The Gossip Train is the University of Colorado Ombuds’ series of blog posts and lunch and learns on all things gossip. We will explore the origins of gossip, why we gossip, the joys and dangers of gossip, and what you can do when gossip is not helpful!

“Did you hear Chris is sleeping with the boss?” “Pat is a racist.” “Taylor is out sick AGAIN. I heard they have a drinking problem.” “Director Smith missed the deadline. I’ve heard they are truly incompetent.”

In the first post of this series, The Gossip Train: What Exactly is Gossip?, we established that gossip is endowed with several meanings. It covers everything from juicy, delicious, fun chatter; to informative and truthful insights; to hurtful, malicious, harmful smear. It can be seen as a gift or a weapon. Why do we do it? As Lisa Neale discussed in The Gossip Train: Why do We Gossip?, we gossip for many reasons: to wield power or social status, as a political strategy, for social grooming, to question legitimate goals and actions, or to undermine authority. It can also create strong bonds, foster teamwork, help funnel information and knowledge, allow us to make sense of our surroundings, test new ideas, serve as an early warning sign of problems to come, or simply entertain us –a pleasurable activity distracting us from the daily mundane.

Anthropologists and evolutionary psychologists explain it is a natural part of being human. In fact, thousands of years ago, our ancestors used gossip as a social tool to garner support against outgroups and to leverage status within the group. Dr. Ottilia Brown, Clinical Psychologist at Lighthouse Arabia in Dubai explains, at that time, gossip provided valuable information that facilitates survival and thriving and was used to bond with others or to alienate those who were not cooperative. Gossip is essentially a social tool that has survived generations and is still used to navigate social settings. Whether we like it or not, humans are wired to gossip. Where there are people, there is gossip.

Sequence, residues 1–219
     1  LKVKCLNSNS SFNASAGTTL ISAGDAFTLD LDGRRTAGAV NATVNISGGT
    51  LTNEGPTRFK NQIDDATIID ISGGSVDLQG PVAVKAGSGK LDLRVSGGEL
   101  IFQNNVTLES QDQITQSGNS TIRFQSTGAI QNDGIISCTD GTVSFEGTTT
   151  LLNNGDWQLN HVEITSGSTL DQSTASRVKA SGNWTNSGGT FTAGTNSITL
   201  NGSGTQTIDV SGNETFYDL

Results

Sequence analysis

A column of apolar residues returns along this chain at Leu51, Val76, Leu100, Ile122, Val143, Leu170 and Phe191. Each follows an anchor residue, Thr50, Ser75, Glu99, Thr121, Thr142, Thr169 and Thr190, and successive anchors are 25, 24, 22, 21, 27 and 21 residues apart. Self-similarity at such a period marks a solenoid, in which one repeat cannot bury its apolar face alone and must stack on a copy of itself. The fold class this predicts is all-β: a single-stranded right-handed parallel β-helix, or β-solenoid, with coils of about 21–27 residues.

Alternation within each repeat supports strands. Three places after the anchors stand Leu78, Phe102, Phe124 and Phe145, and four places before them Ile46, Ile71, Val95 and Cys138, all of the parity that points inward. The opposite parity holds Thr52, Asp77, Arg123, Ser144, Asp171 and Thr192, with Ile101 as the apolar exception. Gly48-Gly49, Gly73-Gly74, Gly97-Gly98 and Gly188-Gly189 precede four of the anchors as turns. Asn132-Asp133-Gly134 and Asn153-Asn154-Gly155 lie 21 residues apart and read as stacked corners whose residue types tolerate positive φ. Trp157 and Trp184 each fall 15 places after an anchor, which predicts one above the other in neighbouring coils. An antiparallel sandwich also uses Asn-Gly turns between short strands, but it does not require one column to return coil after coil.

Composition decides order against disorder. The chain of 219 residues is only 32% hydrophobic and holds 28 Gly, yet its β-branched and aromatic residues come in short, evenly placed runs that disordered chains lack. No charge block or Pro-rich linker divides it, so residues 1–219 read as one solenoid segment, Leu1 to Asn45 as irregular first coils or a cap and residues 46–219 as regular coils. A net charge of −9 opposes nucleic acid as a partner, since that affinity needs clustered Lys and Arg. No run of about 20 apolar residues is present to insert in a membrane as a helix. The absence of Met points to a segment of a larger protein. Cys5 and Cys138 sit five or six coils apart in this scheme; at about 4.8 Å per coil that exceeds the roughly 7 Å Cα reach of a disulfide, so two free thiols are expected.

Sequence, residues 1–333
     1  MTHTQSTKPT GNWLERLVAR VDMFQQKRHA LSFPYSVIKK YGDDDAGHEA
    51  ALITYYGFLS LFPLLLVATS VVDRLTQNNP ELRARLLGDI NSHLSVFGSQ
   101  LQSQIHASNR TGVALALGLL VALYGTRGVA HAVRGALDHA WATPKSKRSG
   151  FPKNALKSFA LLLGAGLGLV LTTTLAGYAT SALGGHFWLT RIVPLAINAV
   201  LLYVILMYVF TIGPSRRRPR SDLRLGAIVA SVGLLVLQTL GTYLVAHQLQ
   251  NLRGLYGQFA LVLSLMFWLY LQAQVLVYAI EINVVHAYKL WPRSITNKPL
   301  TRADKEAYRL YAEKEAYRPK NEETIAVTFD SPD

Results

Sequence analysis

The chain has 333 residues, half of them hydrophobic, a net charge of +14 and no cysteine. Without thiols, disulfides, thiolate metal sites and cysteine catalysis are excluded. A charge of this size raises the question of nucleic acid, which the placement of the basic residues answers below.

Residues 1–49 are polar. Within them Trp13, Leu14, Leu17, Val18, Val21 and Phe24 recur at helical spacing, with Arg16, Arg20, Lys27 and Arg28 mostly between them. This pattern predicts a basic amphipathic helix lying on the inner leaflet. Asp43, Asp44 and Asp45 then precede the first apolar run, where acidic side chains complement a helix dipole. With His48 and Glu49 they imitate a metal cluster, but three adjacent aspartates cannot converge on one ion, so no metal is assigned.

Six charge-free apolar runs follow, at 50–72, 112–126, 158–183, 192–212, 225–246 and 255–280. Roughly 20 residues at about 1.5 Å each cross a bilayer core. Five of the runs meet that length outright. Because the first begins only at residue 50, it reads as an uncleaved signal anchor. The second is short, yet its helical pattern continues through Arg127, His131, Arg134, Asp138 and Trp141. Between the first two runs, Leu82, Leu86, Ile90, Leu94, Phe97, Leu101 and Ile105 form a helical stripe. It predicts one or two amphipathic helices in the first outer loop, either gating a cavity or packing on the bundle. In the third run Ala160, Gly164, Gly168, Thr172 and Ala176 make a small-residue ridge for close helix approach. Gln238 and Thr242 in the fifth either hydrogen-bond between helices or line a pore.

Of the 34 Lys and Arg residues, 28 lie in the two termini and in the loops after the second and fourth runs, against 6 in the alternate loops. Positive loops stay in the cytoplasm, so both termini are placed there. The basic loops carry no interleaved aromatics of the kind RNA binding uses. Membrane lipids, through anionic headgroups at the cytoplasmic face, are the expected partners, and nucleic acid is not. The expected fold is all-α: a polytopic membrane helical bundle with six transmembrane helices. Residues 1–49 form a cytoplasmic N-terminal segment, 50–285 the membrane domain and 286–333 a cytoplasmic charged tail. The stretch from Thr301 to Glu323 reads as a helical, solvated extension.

Unfortunately, most workplace gossip takes a critical form and is used as a weapon to advance one person’s self-interest by capitalizing on another’s misfortune. This is often accomplished by spreading malicious rumors to elevate status or remove someone from a social group, bullying, or harming someone’s reputation with shame, slander and sharing humiliating stories with others for comic relief. Negative consequences of this sort of workplace gossip include: 

  • Erosion of trust and morale,
  • Lost productivity and wasted time,
  • Increased anxiety among employees as rumors circulate without clear information as what is and is not fact,
  • Divisiveness among employees as people take sides,
  • Hurt feelings and reputations, and
  • Attrition due to good employees leaving the organization because of an unhealthy work environment.

Consider this all-too-common scenario: